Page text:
Tips On Writing Content Specifically For WordPress

Post by Alison Knott | December 9, 2015

My dear content creating friends and colleagues! I present to you my tips on writing content specifically for WordPress. Here are some technical and creative approaches that are sure to speed up writing and posting time.


Don’t write directly into WordPress

From a creative perspective, writing directly into your site means you can become easily sidetracked. You start watching the word count at the bottom. You feel compelled to check on how your Yoast SEO score is shaping up. Oh shoot, a plugin needs updating? Better pause and do that! Next thing you know, you’ve lost the will to finish writing.

Your favourite word processor – even pen and paper – is more ideal. This allows your thoughts to be more flowing, without the distraction of the dashboard. Not to mention moving text around is faster offline than saving drafts continuously through the site.

For a technical reason, you never want your content to only exist on your site. Should the unthinkable happen where your database is corrupted, you’ll lose the only copy of your content. Back that shit up in many places. It’s easier to cut and paste 30 blog posts saved as .docx files after a disaster than it is to rewrite it all.

Don’t forget to include tags, links, categories and publish time in the document as well.


Avoid formatting issues: copy and paste content correctly

text formatting frustrations
Most people after cut and paste.

Ever see random indents, line spacing or font styles show up when you hit ‘preview’? Your word processor may be the culprit! Avoid copying and pasting content from word processors. This is because they use their own format coding, which can carry over into the site when you paste. The code conflicts with the HTML and CSS native to your theme. Meaning strange results.

Use a text editor that will strip extra formatting. For PC users, I recommend exporting approved content as ‘Plain Text’ or pasting it into Notepad. For Macs, I recommend TextEdit, making sure the content is changed to ‘Plain Text’. To do this, go to the menu > Format > Make plain text.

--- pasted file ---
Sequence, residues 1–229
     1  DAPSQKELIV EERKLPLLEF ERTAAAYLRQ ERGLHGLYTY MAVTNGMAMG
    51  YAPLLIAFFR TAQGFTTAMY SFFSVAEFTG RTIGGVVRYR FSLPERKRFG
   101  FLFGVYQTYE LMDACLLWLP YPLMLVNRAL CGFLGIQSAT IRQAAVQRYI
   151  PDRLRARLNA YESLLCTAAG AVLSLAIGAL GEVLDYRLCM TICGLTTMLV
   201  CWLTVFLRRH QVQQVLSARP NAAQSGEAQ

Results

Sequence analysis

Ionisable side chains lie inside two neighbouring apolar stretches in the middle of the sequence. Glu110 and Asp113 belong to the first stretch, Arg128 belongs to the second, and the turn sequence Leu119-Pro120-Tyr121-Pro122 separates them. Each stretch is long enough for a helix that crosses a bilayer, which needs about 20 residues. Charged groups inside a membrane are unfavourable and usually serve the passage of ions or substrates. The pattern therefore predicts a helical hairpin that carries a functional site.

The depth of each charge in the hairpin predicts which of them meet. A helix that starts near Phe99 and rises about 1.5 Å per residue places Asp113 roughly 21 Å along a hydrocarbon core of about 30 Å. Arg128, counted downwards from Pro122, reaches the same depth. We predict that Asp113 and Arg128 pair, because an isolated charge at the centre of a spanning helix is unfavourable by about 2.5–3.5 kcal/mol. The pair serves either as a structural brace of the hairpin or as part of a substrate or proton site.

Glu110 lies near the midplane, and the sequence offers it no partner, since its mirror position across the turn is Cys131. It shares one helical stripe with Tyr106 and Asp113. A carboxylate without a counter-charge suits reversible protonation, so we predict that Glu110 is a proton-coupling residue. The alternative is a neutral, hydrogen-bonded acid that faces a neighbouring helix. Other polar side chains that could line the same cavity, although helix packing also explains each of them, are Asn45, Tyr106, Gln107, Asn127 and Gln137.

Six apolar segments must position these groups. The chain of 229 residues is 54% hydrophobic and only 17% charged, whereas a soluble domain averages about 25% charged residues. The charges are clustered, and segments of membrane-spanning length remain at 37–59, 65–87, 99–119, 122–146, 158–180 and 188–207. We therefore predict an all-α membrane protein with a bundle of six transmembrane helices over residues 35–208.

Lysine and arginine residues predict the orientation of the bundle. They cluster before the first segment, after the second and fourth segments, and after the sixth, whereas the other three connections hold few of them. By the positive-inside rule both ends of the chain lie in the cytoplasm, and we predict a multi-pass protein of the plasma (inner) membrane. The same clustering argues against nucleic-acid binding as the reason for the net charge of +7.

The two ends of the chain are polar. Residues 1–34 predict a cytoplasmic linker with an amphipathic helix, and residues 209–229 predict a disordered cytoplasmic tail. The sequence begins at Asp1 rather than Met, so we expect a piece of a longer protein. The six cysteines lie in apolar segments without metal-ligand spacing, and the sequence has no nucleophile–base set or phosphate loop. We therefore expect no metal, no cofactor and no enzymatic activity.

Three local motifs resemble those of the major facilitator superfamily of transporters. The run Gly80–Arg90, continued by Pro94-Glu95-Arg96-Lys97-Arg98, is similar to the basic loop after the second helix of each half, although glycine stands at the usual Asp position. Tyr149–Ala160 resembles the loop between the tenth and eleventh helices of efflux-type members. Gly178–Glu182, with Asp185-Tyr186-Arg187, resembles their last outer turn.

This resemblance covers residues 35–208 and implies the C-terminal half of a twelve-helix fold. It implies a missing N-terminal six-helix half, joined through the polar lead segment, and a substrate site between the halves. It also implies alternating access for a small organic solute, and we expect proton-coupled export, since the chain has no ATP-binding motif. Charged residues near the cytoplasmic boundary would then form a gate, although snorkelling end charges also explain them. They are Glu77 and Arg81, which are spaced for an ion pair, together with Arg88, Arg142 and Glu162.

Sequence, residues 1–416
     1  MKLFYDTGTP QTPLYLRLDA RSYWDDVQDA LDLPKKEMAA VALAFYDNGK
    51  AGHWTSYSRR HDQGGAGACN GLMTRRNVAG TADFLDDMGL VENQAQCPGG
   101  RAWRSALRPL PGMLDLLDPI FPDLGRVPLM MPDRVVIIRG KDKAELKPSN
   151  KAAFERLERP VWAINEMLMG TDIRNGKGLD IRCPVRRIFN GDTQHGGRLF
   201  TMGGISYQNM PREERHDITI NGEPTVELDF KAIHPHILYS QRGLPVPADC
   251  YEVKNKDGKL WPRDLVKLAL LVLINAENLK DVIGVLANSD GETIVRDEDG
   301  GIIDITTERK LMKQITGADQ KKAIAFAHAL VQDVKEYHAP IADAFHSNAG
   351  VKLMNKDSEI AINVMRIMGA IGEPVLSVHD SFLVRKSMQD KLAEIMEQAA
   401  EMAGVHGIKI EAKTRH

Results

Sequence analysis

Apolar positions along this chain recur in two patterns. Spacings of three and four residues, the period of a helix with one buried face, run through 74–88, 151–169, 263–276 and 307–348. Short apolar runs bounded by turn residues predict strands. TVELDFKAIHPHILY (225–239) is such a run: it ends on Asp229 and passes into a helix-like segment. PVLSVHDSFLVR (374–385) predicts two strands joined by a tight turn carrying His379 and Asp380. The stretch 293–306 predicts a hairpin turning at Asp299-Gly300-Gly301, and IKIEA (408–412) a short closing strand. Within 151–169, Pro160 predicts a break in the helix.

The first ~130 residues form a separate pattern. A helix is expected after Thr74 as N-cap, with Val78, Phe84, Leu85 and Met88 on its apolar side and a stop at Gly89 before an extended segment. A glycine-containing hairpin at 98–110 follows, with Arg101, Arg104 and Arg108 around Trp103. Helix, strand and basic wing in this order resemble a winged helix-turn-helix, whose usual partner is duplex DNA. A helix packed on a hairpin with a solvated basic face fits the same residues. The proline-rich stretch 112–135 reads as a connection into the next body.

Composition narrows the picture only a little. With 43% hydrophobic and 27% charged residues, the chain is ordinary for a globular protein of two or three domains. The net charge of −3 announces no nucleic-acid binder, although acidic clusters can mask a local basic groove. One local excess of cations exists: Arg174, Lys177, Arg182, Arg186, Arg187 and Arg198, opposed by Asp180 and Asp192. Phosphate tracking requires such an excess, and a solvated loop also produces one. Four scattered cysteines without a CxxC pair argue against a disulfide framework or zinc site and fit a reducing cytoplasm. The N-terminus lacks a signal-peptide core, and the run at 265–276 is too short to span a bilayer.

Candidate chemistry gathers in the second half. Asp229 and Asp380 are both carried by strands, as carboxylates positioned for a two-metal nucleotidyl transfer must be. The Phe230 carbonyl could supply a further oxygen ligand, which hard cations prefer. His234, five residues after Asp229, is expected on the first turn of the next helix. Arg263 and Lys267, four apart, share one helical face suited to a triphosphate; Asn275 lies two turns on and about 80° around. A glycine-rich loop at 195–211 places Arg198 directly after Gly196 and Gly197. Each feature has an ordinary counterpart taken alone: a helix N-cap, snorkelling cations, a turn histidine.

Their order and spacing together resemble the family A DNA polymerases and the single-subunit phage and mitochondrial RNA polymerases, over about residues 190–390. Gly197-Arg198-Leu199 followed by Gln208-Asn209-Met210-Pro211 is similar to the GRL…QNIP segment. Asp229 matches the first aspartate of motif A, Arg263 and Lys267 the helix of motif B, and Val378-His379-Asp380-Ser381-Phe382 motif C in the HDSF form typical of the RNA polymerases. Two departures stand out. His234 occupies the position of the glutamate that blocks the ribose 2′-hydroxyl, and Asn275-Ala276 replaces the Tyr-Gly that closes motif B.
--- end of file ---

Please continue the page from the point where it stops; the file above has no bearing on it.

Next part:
Paste content from these text editors into your WordPress page or post. Make sure your paragraphs are set correctly in the text editor before you do! Yes, you’ll have to set your headers, italics and bold text again. At least now you’re setting them via WordPress’s native formatting. This results in a truer representation of how it’s going to look to your readers on the front end.


Remember to take care of the ‘excerpt’ or ‘Read More’ function, depending on your theme

The excerpt is a ‘sneak peak’ snippet of your content readers see before clicking to full content. You usually see in an archive or blogroll view. By default, WordPress will grab the first few lines of text in your page or post to use. This might not be what you want though in cases like:

  • your most compelling content exists further down the page
  • there’s a call to action you want to highlight
  • you want to craft completely new text not found in the content
  • there are shortcodes at the start of your post or page. Often these display wrong or not at on the front end.

Refer to your theme’s documentation to see if it calls up the excerpt via the ‘excerpt’ (natch) or the ‘read more’ function.

Excerpt Box

  1. Locate this box on your post or page screen. It is generally towards the bottom. If you don’t see it, scroll to the top of your screen and expand ‘Screen Options’ to reveal it.
  2. Paste in the snippet you want your readers to see into the ‘excerpt’ box.

Read More

  1. Place your cursor where you want the ‘read more’ to start
  2. Click the ‘read more’ button in your kitchen sink (where your edition tools are)
  3. A dotted line now indicates where the ‘read more’ call will happen. You see this in the back end, but it doesn’t show up on the live site.



Have your own tips on writing specifically in WordPress? Tweet them at me!